By making a more intentional decision to have students not only identify those hard skills (coding languages, increased subject matter knowledge, etc.) they learned on co-op and are bringing back to the classroom, but also the soft skills that increase their employability against other candidates, Northeastern, and other schools employing experiential learning systems, can better equip students for the ever-changing workforce.
About the Author
Gerad Sockol graduated summa cum laude from Northeastern University with a dual concentration in Finance and Accounting. After graduation, Gerad will be working at Jefferies, a multinational independent investment bank and financial services company, in their Automotive Aftermarket Group as an investment banking analyst in Boston, MA. His work experience includes employment at distinguished firms such as THL Credit (the credit affiliate of Thomas H. Lee Partners), General Electric (Oil and Gas Division), and Andersen Tax (Corporate and Partnership Group). Gerad Sockol is a member of the Beta Gamma Sigma Honor Society and the Order of the Omega Greek Honor Society.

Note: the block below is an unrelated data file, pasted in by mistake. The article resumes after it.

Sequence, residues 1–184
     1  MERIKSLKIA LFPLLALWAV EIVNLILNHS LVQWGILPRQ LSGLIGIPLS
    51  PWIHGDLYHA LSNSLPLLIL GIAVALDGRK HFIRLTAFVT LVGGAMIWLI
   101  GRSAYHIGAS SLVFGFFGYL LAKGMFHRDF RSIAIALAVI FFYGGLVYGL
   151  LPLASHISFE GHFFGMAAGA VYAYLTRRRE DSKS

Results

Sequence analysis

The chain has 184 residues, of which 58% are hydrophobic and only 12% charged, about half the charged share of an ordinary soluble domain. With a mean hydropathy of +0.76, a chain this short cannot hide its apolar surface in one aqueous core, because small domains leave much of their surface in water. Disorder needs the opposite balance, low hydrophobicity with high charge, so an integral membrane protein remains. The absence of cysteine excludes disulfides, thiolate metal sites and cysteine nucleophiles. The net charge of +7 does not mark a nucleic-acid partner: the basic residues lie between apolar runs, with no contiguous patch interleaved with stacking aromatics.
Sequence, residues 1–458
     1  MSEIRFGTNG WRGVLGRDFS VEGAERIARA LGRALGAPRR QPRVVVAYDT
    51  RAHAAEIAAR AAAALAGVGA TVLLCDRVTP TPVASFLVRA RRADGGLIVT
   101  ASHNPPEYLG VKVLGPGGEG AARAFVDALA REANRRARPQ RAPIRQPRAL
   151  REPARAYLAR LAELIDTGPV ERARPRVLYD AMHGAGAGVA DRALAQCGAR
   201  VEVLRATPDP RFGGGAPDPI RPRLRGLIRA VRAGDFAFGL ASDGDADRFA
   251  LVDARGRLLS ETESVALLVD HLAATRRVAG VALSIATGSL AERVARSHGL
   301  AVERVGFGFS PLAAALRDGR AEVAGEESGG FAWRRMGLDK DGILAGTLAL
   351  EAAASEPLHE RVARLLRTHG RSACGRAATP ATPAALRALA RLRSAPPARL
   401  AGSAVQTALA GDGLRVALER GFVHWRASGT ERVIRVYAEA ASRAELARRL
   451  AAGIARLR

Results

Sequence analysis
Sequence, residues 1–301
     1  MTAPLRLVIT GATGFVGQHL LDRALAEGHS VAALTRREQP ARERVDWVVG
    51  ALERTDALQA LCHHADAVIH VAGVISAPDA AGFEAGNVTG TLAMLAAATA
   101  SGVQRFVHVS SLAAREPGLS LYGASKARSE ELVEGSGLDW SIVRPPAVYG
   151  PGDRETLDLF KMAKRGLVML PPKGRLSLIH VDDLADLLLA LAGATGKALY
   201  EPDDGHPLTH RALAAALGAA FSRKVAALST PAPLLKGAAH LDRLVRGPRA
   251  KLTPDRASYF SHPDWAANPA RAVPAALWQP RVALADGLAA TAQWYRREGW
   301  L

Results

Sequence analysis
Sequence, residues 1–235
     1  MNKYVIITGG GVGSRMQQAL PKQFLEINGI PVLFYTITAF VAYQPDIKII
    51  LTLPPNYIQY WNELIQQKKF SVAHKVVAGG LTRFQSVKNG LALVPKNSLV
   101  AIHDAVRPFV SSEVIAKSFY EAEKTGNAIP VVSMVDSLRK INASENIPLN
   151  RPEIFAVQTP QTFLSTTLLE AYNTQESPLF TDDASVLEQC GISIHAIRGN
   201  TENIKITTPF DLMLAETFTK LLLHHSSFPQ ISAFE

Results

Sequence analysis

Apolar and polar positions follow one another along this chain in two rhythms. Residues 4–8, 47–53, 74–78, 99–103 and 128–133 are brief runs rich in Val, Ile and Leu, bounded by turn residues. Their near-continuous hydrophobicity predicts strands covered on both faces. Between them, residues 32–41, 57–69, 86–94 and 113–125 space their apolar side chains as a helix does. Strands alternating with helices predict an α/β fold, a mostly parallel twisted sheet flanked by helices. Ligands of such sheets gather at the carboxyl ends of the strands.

Gerad Sockol was a founding member of AEPi’s National Professional Development Initiative where he was instrumental in recruiting prestigious alumni to the program. He served as a research assistant and teaching assistant for over four years where he served as a critical aide for a top finance/accounting professor at Northeastern University. He can be reached at firstname.lastname@example.org.